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Hot off the Press: Mental Imagery Book Chapter is Published!


A new book chapter about mental imagery in sport written by SPRINT Project team members Professor Jennifer Cumming, Georgia Bird, Kirsty Brown, Maria Kolitsida and Dr Mary Quinton has recently been published by Routledge. 


The book, entitled ‘Routledge Handbook of Applied Sport Psychology; A Comprehensive Guide for Students and Practitioners’, is available to purchase in hardback and as an e-book via the Routledge website here



Image description: A photo of the newly published book with a blue SPRINT Project octopus plushie placed next to it.


The book aims to showcase the breadth and depth of current thinking and evidence in modern applied sport psychology. From counselling psychology to theoretical models, psychosocial factors, and mental skills training, the reader can expect to gain a holistic perspective of the current evidence around the tools and skills needed to effectively support athletes as they navigate the sporting world. 

 

The imagery chapter written by SPRINT Project team members (chapter 56 in the book) is contained within the broader theme of mental skills. Defined as the ability to represent or hold an image in your mind’s eye, imagery is a key mental skill that athletes can master to overcome pre-performance anxiety and produce personal best performances, alongside numerous other benefits. The chapter provides an overview of the revised applied model of deliberate imagery use (RAMDIU) to discuss why, what, who, where, and when and how athletes' image. It also covers different applications of imagery, including layered stimulus response training (LSRT) and guided imagery scripts.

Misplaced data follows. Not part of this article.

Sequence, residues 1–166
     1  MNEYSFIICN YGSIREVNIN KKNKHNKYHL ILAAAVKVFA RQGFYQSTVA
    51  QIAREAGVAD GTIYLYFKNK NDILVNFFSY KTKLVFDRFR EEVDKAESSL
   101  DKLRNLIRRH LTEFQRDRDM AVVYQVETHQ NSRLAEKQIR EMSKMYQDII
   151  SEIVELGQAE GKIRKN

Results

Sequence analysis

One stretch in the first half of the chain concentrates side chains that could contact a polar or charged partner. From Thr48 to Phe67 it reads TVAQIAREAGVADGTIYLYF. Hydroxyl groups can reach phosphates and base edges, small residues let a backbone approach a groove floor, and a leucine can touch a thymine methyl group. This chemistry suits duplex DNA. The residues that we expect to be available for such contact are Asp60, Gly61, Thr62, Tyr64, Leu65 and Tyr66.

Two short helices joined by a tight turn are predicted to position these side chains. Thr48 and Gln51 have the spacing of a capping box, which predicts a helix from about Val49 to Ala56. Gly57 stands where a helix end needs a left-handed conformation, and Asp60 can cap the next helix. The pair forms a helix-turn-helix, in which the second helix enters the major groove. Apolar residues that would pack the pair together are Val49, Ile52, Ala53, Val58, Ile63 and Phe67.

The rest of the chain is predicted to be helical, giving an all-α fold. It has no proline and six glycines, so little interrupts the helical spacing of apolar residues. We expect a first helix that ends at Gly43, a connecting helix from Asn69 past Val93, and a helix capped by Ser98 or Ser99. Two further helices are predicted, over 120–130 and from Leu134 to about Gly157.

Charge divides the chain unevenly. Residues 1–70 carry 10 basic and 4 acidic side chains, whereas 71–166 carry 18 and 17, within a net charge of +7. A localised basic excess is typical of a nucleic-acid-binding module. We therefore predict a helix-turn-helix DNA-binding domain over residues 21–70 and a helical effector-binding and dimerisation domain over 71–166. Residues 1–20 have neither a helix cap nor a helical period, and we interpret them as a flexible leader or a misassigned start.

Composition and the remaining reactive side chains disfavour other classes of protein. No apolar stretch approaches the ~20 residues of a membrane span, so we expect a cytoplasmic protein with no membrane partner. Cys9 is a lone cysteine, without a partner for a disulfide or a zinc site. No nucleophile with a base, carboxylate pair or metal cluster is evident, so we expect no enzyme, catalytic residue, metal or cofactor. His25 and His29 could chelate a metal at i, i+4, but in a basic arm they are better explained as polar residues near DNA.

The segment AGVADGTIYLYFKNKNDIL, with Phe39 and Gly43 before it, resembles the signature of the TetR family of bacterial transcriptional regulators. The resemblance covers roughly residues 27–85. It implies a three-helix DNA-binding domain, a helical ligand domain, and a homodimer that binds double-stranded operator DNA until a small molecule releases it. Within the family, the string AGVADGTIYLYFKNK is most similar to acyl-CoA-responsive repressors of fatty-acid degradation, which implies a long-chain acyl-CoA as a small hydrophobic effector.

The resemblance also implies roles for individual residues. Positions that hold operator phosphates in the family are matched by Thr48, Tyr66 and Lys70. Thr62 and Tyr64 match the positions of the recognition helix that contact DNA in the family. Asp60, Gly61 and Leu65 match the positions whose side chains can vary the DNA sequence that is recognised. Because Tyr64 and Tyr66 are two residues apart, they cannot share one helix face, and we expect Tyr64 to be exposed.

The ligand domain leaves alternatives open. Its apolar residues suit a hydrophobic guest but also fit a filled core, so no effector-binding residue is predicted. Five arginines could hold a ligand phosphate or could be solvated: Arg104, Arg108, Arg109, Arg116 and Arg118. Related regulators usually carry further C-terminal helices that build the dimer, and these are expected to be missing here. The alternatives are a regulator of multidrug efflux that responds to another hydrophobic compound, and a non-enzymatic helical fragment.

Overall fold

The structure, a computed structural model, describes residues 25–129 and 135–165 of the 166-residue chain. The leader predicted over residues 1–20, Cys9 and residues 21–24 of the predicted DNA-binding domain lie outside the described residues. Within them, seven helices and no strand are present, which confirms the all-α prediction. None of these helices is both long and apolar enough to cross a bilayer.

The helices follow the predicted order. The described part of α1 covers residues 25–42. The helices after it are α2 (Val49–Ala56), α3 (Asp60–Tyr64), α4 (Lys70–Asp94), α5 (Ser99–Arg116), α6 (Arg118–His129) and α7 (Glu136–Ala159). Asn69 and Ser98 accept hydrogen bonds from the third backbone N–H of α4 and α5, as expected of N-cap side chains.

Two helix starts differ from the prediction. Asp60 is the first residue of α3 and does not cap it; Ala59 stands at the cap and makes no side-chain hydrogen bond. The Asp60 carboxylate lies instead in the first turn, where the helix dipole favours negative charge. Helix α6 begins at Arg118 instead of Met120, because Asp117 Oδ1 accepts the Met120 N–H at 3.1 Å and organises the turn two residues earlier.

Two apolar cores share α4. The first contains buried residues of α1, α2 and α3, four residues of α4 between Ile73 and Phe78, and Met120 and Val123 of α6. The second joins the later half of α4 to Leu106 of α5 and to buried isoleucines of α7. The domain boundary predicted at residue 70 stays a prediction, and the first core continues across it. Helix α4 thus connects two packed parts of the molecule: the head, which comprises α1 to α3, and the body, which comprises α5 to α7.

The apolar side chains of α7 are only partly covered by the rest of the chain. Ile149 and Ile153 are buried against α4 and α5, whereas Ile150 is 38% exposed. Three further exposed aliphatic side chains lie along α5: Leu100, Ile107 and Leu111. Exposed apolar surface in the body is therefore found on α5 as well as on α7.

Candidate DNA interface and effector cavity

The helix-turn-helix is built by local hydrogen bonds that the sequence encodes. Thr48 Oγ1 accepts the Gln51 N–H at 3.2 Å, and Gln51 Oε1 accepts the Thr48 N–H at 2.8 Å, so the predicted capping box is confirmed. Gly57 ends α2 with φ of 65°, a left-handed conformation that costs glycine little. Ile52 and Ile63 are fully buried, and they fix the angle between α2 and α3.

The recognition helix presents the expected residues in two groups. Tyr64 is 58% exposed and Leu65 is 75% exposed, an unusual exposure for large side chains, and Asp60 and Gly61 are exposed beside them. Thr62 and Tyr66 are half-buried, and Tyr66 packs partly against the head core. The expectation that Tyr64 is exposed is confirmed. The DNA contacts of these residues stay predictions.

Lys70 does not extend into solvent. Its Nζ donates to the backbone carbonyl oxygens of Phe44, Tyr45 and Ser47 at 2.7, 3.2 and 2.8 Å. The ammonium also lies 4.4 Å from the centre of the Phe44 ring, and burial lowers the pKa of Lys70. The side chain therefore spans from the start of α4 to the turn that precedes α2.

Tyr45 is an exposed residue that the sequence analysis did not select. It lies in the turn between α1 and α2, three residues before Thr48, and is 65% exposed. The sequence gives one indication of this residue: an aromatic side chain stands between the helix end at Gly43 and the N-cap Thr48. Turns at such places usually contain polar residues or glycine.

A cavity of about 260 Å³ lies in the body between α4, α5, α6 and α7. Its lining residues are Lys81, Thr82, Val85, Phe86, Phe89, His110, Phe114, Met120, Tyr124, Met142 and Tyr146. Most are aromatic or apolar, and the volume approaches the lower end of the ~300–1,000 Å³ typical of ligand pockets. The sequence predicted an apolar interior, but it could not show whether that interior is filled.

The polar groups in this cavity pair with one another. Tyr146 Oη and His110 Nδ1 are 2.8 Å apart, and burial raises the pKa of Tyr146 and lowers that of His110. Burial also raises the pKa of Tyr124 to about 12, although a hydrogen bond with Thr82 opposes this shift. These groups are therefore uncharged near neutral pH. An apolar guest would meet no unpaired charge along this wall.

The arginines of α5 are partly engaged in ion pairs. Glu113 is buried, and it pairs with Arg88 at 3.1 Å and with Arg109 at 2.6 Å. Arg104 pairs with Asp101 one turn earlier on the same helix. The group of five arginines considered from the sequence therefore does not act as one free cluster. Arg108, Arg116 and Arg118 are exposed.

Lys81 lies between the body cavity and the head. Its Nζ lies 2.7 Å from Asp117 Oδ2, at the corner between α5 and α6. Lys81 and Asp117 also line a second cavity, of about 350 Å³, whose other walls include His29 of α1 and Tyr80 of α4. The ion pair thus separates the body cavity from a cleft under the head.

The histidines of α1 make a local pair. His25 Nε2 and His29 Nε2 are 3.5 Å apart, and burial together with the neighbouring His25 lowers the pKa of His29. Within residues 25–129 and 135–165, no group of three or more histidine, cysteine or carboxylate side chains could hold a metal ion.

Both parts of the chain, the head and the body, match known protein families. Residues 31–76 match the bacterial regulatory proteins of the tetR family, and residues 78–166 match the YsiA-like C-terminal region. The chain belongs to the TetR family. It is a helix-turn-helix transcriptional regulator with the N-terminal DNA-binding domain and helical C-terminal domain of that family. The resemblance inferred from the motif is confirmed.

Other topics covered within the mental skills section of the book include: 


  • Arousal management 

  • Motivation and goal setting 

  • Attention in sport 

  • Self-talk 

  • Confidence 

  • Self-regulation 

  • Pre-performance routines 

  • Psychological characteristics of optimal performance 



 


Are you wondering what it is like to be involved in writing and publishing a chapter in a book? Find out from SPRINT Project PhD Researcher Kirsty Brown below! 


"It was such a cool experience to be involved in writing the imagery book chapter as it's different to anything I've done before. It was great to learn how writing a book chapter differs from a journal article. The coolest part has been receiving a physical copy of the book!"


 

 

Interested in finding out more about mental imagery? Access this Sprint Project blog here where you can learn about how everyone, not just top athletes, can use this skill to cope well with stressful situations. 


You can also check out our free interactive resources page here where you can learn about other important mental skills and strategies. 



 

Image credit: Routledge. 



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